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Living on the edge: Juvenile justice work as a form of edgework

Journal Article


Abstract


  • This article considers how the concept of edgework can help to understand the work of staff members within juvenile justice centres – individuals who voluntarily engage in risk and negotiate boundaries to: respond to institutional routines, and/or express the institutional and cultural constraints of the emerging social order. The article describes edgework and its use in occupational settings, including criminal justice. It then presents data from an Australian study to demonstrate the stressful and sometimes dangerous conditions that staff members within juvenile justice centres experience. With reference to these data, the article argues that edgework can reveal essential paradoxes in juvenile justice work. This in turn can help to understand workers’ motivation(s) and what might be needed to recruit, support, and retain juvenile justice workers.

UOW Authors


  •   Stout, Brian (external author)
  •   Dadich, Ann (external author)
  •   Hassan Hosseinzadeh
  •   Herbert, James (external author)

Publication Date


  • 2018

Citation


  • Stout, B., Dadich, A., Hosseinzadeh, H. & Herbert, J. (2018). Living on the edge: Juvenile justice work as a form of edgework. Crime, Law and Social Change: an interdisciplinary journal, 69 (3), 371-384.

Scopus Eid


  • 2-s2.0-85034268904

Ro Metadata Url


  • http://ro.uow.edu.au/sspapers/3496

Number Of Pages


  • 13

Start Page


  • 371

End Page


  • 384

Volume


  • 69

Issue


  • 3

Place Of Publication


  • Netherlands

Abstract


  • This article considers how the concept of edgework can help to understand the work of staff members within juvenile justice centres – individuals who voluntarily engage in risk and negotiate boundaries to: respond to institutional routines, and/or express the institutional and cultural constraints of the emerging social order. The article describes edgework and its use in occupational settings, including criminal justice. It then presents data from an Australian study to demonstrate the stressful and sometimes dangerous conditions that staff members within juvenile justice centres experience. With reference to these data, the article argues that edgework can reveal essential paradoxes in juvenile justice work. This in turn can help to understand workers’ motivation(s) and what might be needed to recruit, support, and retain juvenile justice workers.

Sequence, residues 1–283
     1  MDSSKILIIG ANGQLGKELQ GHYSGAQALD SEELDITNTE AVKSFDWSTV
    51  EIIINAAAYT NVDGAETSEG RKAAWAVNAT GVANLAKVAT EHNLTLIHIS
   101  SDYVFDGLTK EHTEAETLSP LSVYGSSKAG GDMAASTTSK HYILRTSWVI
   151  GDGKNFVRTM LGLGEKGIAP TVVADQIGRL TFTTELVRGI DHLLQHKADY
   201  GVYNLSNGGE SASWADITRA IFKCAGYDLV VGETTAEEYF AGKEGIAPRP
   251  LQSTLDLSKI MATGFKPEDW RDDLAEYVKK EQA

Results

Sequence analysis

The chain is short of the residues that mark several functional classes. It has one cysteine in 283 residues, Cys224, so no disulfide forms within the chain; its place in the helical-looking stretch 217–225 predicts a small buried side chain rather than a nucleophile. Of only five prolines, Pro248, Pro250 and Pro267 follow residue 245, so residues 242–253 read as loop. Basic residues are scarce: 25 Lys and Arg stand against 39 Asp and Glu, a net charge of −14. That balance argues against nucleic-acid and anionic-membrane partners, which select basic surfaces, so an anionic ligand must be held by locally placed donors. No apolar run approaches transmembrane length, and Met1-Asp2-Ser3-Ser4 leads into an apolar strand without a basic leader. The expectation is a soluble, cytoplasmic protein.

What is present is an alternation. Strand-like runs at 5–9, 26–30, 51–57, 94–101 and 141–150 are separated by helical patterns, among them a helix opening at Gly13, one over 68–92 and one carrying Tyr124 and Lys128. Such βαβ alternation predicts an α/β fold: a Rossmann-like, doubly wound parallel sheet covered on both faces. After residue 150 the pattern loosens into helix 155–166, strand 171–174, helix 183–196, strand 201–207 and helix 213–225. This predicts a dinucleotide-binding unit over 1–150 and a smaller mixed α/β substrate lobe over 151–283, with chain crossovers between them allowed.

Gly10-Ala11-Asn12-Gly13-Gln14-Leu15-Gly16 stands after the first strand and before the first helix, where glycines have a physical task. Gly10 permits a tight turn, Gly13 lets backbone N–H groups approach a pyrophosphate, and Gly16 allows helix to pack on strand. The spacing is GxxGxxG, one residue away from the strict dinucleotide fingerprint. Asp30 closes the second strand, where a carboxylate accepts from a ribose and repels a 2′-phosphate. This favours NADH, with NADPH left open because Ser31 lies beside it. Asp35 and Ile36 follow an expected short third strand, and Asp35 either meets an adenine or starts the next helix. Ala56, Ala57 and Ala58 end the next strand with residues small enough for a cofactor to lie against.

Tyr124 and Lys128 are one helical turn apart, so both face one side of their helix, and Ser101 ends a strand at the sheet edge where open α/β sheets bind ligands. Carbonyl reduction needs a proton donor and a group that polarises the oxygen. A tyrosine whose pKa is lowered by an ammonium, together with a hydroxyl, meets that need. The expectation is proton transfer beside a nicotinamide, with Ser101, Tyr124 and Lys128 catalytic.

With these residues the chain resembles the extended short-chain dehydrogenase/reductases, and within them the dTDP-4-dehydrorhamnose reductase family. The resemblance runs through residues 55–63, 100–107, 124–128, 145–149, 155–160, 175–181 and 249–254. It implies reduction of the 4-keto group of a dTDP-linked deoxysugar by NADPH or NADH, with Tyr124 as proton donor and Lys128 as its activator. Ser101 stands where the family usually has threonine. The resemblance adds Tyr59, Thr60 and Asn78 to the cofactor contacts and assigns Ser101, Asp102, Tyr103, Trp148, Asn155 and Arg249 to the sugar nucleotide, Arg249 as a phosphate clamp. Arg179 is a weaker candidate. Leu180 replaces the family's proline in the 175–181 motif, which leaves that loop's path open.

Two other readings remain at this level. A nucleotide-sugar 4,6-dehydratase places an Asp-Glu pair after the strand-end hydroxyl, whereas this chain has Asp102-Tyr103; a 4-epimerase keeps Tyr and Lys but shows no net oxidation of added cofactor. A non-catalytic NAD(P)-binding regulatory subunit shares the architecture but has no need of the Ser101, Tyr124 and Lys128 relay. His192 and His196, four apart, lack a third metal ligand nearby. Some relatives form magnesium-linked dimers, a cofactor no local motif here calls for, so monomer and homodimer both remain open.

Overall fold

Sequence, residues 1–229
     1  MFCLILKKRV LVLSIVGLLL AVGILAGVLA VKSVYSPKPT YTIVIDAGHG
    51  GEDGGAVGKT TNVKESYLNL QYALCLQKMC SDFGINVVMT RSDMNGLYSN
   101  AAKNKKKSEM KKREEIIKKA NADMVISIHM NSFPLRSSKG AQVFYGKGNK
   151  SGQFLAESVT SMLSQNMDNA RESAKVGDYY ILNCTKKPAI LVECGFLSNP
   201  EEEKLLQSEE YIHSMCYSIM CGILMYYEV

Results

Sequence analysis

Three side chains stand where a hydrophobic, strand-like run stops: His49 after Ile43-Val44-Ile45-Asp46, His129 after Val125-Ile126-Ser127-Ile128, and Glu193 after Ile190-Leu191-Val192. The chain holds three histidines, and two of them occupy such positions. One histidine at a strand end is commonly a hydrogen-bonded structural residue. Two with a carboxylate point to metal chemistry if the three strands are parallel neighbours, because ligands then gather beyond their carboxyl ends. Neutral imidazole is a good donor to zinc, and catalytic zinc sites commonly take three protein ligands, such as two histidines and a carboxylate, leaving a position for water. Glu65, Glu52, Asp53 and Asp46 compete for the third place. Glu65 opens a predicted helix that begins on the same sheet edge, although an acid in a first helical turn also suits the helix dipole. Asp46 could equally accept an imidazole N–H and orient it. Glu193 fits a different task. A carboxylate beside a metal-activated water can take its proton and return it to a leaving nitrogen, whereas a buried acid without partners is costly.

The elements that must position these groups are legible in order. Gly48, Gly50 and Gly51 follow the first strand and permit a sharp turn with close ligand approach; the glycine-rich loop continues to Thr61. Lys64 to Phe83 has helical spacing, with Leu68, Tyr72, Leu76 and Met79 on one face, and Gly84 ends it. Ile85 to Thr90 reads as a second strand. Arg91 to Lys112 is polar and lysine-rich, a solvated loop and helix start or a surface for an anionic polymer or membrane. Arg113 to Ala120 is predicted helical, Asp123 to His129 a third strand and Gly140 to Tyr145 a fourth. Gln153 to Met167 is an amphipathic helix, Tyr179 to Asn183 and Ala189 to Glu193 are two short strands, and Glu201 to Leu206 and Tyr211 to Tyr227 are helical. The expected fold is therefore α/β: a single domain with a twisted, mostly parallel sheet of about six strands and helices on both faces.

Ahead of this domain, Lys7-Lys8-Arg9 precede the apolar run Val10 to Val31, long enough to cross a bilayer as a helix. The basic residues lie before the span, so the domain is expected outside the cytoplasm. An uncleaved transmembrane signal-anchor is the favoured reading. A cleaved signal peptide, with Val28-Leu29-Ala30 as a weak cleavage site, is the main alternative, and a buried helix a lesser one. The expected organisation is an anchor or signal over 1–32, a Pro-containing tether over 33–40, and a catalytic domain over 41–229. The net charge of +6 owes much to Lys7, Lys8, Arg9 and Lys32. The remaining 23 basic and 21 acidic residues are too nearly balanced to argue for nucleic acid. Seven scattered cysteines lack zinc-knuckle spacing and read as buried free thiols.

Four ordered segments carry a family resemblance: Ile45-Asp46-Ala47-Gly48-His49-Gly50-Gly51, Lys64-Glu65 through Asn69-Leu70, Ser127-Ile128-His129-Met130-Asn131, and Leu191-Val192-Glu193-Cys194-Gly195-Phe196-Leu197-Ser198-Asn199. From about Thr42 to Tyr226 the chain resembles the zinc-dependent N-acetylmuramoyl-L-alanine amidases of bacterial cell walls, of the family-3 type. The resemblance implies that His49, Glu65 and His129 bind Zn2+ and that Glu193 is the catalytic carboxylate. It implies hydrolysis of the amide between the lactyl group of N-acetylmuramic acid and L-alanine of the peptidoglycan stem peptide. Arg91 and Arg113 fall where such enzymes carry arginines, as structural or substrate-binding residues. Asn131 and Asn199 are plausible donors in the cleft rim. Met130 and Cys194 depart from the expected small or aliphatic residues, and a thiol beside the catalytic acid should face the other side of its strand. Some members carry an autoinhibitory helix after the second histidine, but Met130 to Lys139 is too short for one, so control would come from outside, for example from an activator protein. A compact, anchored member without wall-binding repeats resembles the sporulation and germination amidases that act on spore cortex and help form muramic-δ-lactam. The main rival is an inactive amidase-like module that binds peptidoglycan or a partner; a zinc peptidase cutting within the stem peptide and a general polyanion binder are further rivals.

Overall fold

UOW Authors


  •   Stout, Brian (external author)
  •   Dadich, Ann (external author)
  •   Hassan Hosseinzadeh
  •   Herbert, James (external author)

Publication Date


  • 2018

Citation


  • Stout, B., Dadich, A., Hosseinzadeh, H. & Herbert, J. (2018). Living on the edge: Juvenile justice work as a form of edgework. Crime, Law and Social Change: an interdisciplinary journal, 69 (3), 371-384.

Scopus Eid


  • 2-s2.0-85034268904

Ro Metadata Url


  • http://ro.uow.edu.au/sspapers/3496

Number Of Pages


  • 13

Start Page


  • 371

End Page


  • 384

Volume


  • 69

Issue


  • 3

Place Of Publication


  • Netherlands